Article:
Caning in Banda Aceh, Indonesia (Pic: VOA)
The Indonesian police have not only arrested 14 gay men for allegedly watching pornography in private but have also released their HIV test results to the public.
Acting on tip-offs from neighbours, police carried out an April 30 midnight raid on the 14 men, who had gathered in two rooms of a hotel in central Surabaya, Indonesia’s second largest city.
Police detained the group and also confiscated condoms, mobile phones, and a flash drive that allegedly contained pornographic videos, among other items.
On May 1, police informed the media that all 14 men underwent tests for sexually transmitted infection, including a rapid test for HIV, and that five had tested HIV positive.
The police indicated that eight of the men were detained on Law on Pornography charges, and that two of them would be charged with organising the event and providing pornography – offenses carrying prison terms of up to 15 years.
“Indonesian police are again violating the basic rights of LGBT people by invading their privacy,” said Phelim Kine, Deputy Asia Director at Human Rights Watch. “The Surabaya raid subjected these gay men to traumatic humiliation, puts two at risk of long prison terms, and threatens the privacy rights of all Indonesians.”
Mandatory HIV testing is contrary to the ethical and human rights principles of privacy, autonomy, and informed consent. Under the World Health Organisation’s 2015 Guidelines on HIV Testing and Counselling, “Mandatory, compulsory or coercive HIV testing is never appropriate.”
The two men who allegedly organised the party face charges of violating the Law on Pornography, which prohibits sex parties and the use of pornography, and the Electronics Information and Transaction Law, which prohibits making accessible electronic content that contains “indecent” material. Indonesia’s Law on Pornography defines “deviant sexual acts” to include: sex with corpses, sex with animals, oral sex, anal sex, lesbian sex, and male homosexual sex.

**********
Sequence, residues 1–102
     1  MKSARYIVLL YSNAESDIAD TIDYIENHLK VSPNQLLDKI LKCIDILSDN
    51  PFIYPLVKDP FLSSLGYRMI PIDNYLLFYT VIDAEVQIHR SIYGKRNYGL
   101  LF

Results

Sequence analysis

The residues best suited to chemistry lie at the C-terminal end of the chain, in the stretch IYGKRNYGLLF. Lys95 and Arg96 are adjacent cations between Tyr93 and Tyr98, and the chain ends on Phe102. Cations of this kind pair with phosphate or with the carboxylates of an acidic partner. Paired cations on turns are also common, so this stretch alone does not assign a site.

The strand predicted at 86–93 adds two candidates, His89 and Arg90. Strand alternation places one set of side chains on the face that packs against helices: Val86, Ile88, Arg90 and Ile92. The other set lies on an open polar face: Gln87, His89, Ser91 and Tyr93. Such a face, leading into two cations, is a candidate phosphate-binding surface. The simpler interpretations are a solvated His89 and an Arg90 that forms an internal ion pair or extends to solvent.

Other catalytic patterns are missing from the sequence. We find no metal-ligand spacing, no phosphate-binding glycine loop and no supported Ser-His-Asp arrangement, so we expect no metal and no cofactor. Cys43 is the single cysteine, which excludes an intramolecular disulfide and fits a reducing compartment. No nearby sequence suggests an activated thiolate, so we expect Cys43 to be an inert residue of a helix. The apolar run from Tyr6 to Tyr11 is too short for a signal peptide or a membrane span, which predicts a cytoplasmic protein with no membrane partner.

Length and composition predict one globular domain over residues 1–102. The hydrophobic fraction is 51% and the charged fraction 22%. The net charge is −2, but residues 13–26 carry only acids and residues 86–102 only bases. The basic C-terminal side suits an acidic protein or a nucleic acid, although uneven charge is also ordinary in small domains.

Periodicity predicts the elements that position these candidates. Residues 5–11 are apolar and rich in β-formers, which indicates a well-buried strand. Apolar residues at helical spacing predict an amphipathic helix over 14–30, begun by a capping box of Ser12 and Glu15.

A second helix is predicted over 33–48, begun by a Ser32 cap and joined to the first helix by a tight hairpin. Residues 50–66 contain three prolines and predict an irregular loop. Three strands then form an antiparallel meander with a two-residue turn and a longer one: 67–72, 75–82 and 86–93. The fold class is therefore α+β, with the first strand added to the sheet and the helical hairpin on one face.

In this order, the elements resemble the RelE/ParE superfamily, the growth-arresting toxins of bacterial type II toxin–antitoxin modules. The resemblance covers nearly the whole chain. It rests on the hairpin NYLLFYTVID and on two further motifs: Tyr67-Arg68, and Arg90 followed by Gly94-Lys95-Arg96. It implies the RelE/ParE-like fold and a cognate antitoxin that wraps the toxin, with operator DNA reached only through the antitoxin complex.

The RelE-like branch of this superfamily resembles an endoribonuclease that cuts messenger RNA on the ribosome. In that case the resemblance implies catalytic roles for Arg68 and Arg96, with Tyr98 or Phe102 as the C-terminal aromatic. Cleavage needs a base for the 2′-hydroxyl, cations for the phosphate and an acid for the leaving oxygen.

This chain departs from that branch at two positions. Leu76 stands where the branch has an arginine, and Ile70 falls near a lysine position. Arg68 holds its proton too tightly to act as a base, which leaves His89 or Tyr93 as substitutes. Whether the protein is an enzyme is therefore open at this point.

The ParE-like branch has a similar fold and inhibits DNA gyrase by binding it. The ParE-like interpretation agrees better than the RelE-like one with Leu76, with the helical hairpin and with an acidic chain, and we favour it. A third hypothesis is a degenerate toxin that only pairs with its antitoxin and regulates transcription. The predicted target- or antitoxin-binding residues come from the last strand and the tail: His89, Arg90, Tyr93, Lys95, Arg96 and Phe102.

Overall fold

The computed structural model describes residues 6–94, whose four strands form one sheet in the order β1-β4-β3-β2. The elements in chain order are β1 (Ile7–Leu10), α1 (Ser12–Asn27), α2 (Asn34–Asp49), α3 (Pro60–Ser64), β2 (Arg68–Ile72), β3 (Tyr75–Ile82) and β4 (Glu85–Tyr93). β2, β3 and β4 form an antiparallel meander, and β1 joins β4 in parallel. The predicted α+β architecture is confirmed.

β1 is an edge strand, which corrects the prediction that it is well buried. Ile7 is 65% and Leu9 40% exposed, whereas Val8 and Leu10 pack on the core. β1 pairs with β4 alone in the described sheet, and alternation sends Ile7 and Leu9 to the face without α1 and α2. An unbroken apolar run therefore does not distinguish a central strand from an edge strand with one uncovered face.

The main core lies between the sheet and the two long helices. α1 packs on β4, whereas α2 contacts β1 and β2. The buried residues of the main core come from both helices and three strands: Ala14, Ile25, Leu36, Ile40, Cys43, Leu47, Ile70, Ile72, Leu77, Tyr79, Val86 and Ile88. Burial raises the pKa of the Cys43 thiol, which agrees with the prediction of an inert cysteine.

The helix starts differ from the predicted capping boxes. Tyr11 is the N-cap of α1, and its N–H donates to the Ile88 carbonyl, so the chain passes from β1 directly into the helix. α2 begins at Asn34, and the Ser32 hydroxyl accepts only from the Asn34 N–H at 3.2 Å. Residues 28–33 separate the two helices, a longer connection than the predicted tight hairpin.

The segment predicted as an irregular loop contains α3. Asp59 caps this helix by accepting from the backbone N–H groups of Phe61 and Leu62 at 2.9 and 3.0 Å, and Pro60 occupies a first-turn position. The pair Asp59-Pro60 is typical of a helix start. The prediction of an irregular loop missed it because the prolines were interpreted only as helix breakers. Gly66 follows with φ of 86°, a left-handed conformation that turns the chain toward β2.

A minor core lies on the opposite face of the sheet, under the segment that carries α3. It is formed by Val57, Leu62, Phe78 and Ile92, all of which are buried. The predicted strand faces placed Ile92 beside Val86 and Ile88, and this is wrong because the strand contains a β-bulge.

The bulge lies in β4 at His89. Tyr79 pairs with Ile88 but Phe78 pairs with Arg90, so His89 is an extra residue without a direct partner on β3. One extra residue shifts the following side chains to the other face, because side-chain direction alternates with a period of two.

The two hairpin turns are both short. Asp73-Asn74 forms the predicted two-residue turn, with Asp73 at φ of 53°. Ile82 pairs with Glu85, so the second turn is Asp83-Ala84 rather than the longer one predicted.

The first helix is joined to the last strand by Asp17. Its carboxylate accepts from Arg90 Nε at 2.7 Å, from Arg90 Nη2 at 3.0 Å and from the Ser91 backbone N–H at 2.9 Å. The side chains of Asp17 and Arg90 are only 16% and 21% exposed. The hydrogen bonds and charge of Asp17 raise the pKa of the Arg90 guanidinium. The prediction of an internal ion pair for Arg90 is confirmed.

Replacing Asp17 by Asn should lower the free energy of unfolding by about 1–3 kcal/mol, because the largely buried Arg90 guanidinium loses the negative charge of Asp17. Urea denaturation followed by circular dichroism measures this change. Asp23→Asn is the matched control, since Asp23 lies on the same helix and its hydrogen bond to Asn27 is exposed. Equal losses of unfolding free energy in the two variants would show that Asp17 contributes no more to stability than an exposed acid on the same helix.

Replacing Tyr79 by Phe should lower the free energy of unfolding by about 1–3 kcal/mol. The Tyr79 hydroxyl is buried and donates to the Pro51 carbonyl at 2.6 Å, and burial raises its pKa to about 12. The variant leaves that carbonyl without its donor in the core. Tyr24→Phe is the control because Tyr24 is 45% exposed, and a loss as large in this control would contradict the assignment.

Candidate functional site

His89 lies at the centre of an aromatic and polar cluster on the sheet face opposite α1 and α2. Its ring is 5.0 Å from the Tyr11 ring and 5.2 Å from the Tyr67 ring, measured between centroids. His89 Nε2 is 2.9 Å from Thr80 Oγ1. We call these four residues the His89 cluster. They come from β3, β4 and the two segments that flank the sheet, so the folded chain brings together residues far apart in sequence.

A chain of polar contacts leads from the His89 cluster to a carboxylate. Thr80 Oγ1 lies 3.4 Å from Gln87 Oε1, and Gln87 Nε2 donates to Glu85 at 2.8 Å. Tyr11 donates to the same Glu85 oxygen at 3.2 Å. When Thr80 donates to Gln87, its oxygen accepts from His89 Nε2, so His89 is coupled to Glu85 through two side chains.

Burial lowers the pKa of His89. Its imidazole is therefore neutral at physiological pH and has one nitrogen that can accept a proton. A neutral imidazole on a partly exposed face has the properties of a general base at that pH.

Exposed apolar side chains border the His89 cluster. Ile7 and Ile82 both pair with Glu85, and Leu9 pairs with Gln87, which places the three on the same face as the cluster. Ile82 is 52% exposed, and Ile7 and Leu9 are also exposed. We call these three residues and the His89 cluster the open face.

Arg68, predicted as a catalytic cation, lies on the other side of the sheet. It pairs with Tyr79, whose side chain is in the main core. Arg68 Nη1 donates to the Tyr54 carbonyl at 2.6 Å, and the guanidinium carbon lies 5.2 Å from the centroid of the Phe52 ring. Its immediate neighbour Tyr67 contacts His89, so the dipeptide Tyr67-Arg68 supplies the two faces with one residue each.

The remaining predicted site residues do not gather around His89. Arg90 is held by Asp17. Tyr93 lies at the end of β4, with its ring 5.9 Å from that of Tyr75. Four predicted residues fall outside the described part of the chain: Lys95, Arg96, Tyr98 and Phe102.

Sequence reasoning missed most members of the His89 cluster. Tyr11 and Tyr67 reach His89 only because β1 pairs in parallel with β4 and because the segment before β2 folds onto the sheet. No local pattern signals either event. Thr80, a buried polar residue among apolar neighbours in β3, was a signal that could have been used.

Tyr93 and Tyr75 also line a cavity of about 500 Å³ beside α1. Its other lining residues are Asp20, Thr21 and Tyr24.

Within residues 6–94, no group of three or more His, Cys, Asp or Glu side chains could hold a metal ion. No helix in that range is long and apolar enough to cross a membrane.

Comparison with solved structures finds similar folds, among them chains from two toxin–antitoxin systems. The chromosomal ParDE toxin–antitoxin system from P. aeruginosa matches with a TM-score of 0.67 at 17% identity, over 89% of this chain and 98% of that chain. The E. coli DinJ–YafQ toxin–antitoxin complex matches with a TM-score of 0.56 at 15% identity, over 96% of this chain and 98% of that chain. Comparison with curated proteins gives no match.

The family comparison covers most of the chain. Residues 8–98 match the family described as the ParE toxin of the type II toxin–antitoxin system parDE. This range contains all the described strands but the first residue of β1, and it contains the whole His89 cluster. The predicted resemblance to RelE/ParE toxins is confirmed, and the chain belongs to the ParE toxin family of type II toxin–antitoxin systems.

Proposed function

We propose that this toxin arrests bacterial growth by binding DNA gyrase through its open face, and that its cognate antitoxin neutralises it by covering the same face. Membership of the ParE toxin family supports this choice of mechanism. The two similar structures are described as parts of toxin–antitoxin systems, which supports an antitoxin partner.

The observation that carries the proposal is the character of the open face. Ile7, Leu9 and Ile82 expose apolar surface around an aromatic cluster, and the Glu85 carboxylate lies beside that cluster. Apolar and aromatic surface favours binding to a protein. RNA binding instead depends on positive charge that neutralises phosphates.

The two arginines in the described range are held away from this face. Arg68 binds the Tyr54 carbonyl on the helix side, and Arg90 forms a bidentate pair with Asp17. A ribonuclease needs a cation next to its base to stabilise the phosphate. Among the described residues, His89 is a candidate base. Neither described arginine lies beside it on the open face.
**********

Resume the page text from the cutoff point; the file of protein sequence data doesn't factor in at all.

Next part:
The arrests in Surabaya follow an unprecedented anti-LGBT campaign in 2016 that featured a series of biased and false statements about LGBT people from government officials and politicians. The anti-LGBT onslaught led to harassment and violence against LGBT Indonesians and death threats by militant Islamists.
Government institutions, including the National Broadcasting Commission and the National Child Protection Commission, issued censorship directives banning information and broadcasts that portrayed the lives of LGBT people as “normal,” as well as so-called “propaganda” about LGBT lives.
Despite President Joko “Jokowi” Widodo’s rhetorical support for the basic human rights of Indonesia’s LGBT community, the authorities are still targeting the vulnerable minority with impunity, Human Rights Watch said.
Homosexuality is legal in Indonesia, although the national government allowed the Aceh province to introduce a by-law in 2014 through which those found guilty of homosexuality face up to 100 lashes and up to 100 months in prison.
In April, authorities in Aceh arrested two men for allegedly having consensual sex in the privacy of their home. The men face a public flogging sentence – which violates international legal prohibitions against torture.
“So long as the government permits police raids on private gatherings under a discriminatory law, it will fail to curb anti-LGBT harassment and intimidation.” Kine said. “President Jokowi should make good on his commitments to protect privacy rights and put an end to state-sanctioned discrimination.”